The wrong turn : Love and betrayal in the time of Netaji


So what happens when these magnetic personalities – Namita Roy Ghose a former creative director, owner of a film company & a social activist ;  Sanjay Chopra , an airline pilot & award winning author set out to re visit  history?

They co author a book that will remind you of one of a very recent Bollywood movie and will take you to a time you wished never existed in our history. Or at least knew a little more accurately about. 

“The Wrong turn : love and Betrayal in the time of Netaji”  is a griping story set in the age when almost the entire world was in a state of a crisis. World war 2 was coming to an end and India was seeing an uprising in the wake of Independence. Netaji Subhashchandra Bose was no less than an enigma himself and this story will tell you how intriguing those particular chain of events and the entire milieu was.

About the authors :

SANJAY CHOPRA is an airline pilot and author of two collections of short stories.  Said and Done and Tailspin stories . He believes that his  office forty thousand feet in the sky and his travels provide him with a view that fuels his  vivid storytelling that cuts a wide arc through time and space .

His stories have won the Invisible Ink, the Millennium writers and Southport awards in the UK and USA. In the words of his readers, ‘He is a storyteller like those of the old days, yet his stories are as modern as tomorrow He lives in Mumbai with his wife Tisca Chopra, an actress and he is currently working on a film script and a web series.


During a school project on ‘The most memorable day of my life’, NAMITA ROY GHOSE wrote about a Russian girl on the day WW2 ended. She got her first rejection slip from the teacher for making things up. Ever since, Namita has established her storytelling skills through her scriptwriting, screenplays poetry, fiction, legendary advertising campaigns, and as a renowned advertising film director. A Creative Director with HTA, she left after 13 years to start her own film company, White Light, one of

India’s top ad film outfits. A social activist, she is the founder of Vanashakti, an NGO that works to protect the environment. Namita has done pro bono work on issues like domestic violence, child welfare, sexual harassment and forest preservation. She is an avid traveller, a photographer, foodie and teacher.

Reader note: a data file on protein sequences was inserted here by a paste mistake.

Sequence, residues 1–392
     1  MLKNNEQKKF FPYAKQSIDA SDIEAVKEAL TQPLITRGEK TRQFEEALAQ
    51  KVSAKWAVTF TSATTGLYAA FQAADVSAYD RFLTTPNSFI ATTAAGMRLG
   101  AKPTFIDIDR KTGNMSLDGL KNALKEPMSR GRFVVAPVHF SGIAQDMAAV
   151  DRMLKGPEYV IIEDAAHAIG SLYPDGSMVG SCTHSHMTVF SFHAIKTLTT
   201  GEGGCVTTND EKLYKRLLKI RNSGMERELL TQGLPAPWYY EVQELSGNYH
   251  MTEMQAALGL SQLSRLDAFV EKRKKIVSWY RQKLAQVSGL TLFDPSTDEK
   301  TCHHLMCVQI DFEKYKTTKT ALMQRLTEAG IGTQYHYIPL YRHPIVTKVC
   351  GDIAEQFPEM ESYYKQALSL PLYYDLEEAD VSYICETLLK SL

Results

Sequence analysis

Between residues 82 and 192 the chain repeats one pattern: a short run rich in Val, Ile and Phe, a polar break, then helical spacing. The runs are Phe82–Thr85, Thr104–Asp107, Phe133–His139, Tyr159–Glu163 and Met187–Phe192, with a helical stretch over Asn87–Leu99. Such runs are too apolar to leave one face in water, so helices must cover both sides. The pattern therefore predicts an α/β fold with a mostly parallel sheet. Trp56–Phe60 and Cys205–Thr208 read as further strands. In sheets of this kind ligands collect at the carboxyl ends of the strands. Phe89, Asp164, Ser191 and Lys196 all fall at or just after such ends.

About the book :

2013 : The National Army Museum in London makes an astounding announcement. The Battle of Kohima  fought in 1944, between the British on the one hand  and the Japanese forces, supported by the Indian National Army on the other,  was the greatest battle ever fought by the British –  super ceding such celebrated battles as D-Day and Waterloo. How could this sleepy little cantonment town called Kohima tucked away in a remote corner of British India have such a signal honor?

Because unknown to most people, it played a pivotal role in India’s freedom struggle. It is here that Subhash Chandra Bose and his Azad Hind Fauj, against all odds, took on the mighty British army. This forgotten outpost of the Empire held the key to India’s destiny. From Kohima, the road to Calcutta… and beyond…  lay open. If Bose and the INA gained quick victories, there was a real possibility of the whole country rising up in armed revolt. Bose’s war cry “Chalo Delhi” would not be an empty rant after all. The British were desperate. India, the brightest jewel in the crown was at stake.  Secret communiqués between Mountbatten and Churchill stated clearly , ‘Nothing is more important than this battle…it’s imperative to win’.

“I will not lose India on my watch !” Churchill raged.

The Japanese high command aided by Subhash Bose planned the campaign well and was aimed at luring the British into a trap at Kohima. The initial assault on the British positions went well. They planted the tricolor for the very first time on a patch of freed Indian soil.  The country waited with bated breath.

Then, when the INA/Japanese seem on the brink of a breakthrough, it all started to go horribly wrong. Whichever way they turned, the British appeared to be waiting for them. The Japanese and the INA seemed to become trapped in their own snare. Thousands of Indians and Japanese were killed or taken prisoner.

How did the British have such intimate knowledge of the their plans? How could they pin point their exact positions in real time? Did British spies infiltrate the INA ranks? Or were their other forces at home desperate to see Bose defeated?

While legions of freedom fighters donning khadi fought a righteous battle against the British, there were wolves and opportunists too waiting to grab power. Or could it have been Jinnah’s minions? Their dream of Pakistan could be a reality only if Bose was defeated since he was a champion of an undivided India. Could these hawks have conspired to drag Bose down as well?  Or, was the INA betrayed… by one of their own?

If Bose had been successful and India became free three years before she did, how different would India’s political and geographical fundamentals be today?

One looks at the state of our country today… the corruption, the misguided ideologies, the bigotry, fear and hatred… and one wonders what a different outcome there might have been, if the battle of Kohima had been won.

Author(s): Sanjay Chopra and Namita Roy Ghose
Publisher: Om Books
Release: January 2017
Genre: Historical Fiction
Buy from Amazon

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